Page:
POWER8 Mode + AIX 7.1 Supports Scaled Mode 8 2015 IBM Corporation 24 Scaled Throughput: Tuning Tunings are not restricted, but you can be sure that anyone experimenting with this without understanding the mechanism may suffer significant performance impacts Dynamic schedo tunable Actual thresholds used by these modes are not documented and may change at any time schedo p o vpm_throughput_mode= 0 Legacy Raw mode (default) 1 Scaled or Enhanced Raw mode with a higher threshold than legacy 2 Scaled mode, use primary and secondary SMT threads 4 Scaled mode, use all four SMT threads 8 Scaled mode, use eight SMT threads (POWER8, AIX 7.1 required) Tunable schedo vpm_throughput_core_threshold sets a core count at which to switch from Raw to Scaled Mode Allows fine-tuning for workloads depending on utilization level VPs will ramp up quicker to a desired number of cores, and then be more conservative under chosen Scaled mode 2015 IBM Corporation 25 Scaled Throughput: Guidance Workloads Workloads with many light-weight threads with short dispatch cycles and low IO (the same types of workloads that benefit well from SMT) Customers who are easily meeting network and I/O SLAs may find the tradeoff between higher latencies and lower core consumption attractive Customers who will not reduce over-allocated VPs and prefer to see POWER6 behavior Use mpstat (-v) in AIX 7.1 TL3 to view Virtual Processor dispatches Performance It depends, we cant guarantee what all workloads will do Mode 1 may see little or no impact but higher per-core utilization with lower physical

consumed (typically 10-15%) Workloads that do not benefit from SMT and use Mode 2 or Mode 4 will see double-digit per-thread performance degradation (higher latency, slower completion times) POWER6 workloads migrating to POWER7 or POWER8 and using Mode 2 will likely perform as well, or better and minimize complaints about higher than expected physical consumption. Many POWER7 workloads could migrate to POWER8 mode 2 and reduce core usage without performance impact. These are non-restricted dynamic tunings, easily tested like SMT mode changes 2015 IBM Corporation 26 Raw Throughput: Default and Mode 1 Scaled Throughput: Mode 1 Raw Throughput 12 12 11 11 10 10 9 9 8 8 7

7 6 6 5 5 4 4 3 3 2 2 1 1 0 0 Time Active_Threads Active_VP Time Phys_Busy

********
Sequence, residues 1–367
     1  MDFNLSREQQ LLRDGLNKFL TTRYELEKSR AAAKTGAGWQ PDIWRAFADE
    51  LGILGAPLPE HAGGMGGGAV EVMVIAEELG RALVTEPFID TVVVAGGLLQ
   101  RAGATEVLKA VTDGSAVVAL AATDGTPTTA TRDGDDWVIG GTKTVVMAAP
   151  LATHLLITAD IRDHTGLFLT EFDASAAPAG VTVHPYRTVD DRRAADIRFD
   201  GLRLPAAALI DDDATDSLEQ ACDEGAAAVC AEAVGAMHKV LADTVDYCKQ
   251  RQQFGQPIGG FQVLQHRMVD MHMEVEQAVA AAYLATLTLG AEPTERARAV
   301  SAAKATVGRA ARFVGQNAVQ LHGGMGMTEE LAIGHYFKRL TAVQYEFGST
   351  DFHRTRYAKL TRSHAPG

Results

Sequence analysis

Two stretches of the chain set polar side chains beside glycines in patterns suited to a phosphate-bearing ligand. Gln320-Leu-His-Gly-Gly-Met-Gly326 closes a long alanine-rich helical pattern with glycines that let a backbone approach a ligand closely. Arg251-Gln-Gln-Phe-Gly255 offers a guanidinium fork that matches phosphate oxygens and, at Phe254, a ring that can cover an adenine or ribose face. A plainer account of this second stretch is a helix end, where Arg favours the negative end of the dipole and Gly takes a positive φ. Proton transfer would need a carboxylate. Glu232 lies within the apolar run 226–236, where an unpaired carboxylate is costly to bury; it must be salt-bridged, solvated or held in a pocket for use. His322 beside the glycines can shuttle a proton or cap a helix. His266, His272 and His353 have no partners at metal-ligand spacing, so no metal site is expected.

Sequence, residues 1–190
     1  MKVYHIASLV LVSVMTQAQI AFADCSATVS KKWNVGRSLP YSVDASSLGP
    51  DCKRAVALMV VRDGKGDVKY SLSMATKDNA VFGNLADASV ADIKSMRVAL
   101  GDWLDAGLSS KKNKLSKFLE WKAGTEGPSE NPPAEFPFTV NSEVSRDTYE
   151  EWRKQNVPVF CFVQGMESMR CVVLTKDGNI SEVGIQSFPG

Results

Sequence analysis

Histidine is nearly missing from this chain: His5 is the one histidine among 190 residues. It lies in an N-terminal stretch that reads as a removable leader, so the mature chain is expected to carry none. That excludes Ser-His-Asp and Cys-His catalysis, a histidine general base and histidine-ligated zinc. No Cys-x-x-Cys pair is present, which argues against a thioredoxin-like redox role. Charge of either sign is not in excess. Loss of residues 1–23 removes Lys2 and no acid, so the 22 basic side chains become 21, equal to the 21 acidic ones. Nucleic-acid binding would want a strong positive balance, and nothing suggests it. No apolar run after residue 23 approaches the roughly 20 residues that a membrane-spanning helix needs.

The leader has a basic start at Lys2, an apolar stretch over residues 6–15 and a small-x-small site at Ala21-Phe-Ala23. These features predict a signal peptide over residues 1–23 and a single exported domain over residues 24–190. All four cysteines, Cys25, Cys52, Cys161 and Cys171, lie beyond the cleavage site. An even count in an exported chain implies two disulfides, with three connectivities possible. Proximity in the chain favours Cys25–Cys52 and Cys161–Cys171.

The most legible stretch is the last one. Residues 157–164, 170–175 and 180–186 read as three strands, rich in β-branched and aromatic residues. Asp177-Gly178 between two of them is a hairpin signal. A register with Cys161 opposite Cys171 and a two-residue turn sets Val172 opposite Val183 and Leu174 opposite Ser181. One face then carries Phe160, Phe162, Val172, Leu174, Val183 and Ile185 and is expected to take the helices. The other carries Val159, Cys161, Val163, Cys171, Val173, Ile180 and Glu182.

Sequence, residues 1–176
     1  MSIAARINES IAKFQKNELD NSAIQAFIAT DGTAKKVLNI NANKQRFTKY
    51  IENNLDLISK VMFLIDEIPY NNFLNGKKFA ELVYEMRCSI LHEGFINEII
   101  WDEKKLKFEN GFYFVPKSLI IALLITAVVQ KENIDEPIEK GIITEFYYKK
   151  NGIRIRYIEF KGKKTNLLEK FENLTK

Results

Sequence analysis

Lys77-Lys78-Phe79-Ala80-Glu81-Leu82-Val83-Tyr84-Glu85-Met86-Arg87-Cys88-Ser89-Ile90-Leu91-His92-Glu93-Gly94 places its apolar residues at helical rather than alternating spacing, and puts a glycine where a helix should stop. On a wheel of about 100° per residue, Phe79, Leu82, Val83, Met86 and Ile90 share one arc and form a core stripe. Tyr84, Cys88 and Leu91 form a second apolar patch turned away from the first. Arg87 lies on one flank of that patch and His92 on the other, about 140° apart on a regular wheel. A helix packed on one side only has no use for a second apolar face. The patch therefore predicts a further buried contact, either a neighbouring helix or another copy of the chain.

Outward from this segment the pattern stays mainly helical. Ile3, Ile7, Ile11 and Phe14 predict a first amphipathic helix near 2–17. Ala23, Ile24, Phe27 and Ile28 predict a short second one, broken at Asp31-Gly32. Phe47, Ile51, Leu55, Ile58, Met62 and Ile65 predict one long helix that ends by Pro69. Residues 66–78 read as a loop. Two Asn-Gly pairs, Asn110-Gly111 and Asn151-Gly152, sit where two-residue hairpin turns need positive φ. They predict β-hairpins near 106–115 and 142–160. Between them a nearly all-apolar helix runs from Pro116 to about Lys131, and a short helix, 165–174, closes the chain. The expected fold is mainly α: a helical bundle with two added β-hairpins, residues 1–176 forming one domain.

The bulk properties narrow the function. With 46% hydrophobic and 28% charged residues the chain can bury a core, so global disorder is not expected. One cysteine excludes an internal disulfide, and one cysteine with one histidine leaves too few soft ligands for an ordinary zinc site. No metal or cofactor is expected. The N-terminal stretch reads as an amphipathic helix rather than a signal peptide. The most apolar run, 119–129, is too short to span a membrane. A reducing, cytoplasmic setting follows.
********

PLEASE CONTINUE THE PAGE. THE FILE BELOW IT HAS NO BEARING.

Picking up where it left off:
Phys_Consumed AIX will typically allocate 2 extra Virtual Processors as the workload scales up and is more instantaneous in nature VPs are activated and deactivated one second at a time 2015 IBM Corporation Active_Threads Active_VP Phys_Busy Phys_Consumed Mode 1 is more of a modification to the Raw (Mode 0) throughput mode, using a higher utilization threshold and moving average to prevent less VP oscillation It is less aggressive about VP activations. Many workloads may see little or no performance impact 27 Scaled Throughput: Modes 2 & 4 Scaled Throughput: Mode 4 Scaled Throughput: Mode 2 12 12 11 11 10

10 9 9 8 8 7 7 6 6 5 5 4 4 3 3 2 2 1 1 0

0 Time Time Active_Threads Active_VP Phys_Busy Phys_Consumed Mode 2 utilizes both the primary and secondary SMT threads Somewhat like POWER6 SMT2, eight threads are collapsed onto four cores Physical Busy or utilization percentage reaches ~80% of Physical Consumption 2015 IBM Corporation Active_Threads Active_VP Phys_Busy Phys_Consumed Mode 4 utilizes both the primary, secondary and tertiary SMT threads Eight threads are collapsed onto two cores Physical Busy or utilization percentage reaches 90100% of Physical Consumption 28 Tuning (other) Never adjust the legacy vpm_fold_threshold without L3 Support guidance

Remember that Virtual Processors activate and deactivate on 1 second boundaries. The legacy schedo tunable vpm_xvcpus allows enablement of more VPs than required by the workload. This is rarely needed, and is over-ridden when Scaled Mode is active. If you use RSET or bindprocessor function and bind a workload To a secondary thread, that VP will always stay in at least SMT2 mode If you bind to a tertiary thread, that VP cannot leave SMT4 mode POWER8 threads are more balanced whereas lower POWER7 threads typically have a higher priority. These functions should only be used to bind to primary threads unless you know what you are doing or are an application developer familiar with the RSET API Use bindprocessor s to list primary, secondary and tertiary threads 2015 IBM Corporation 29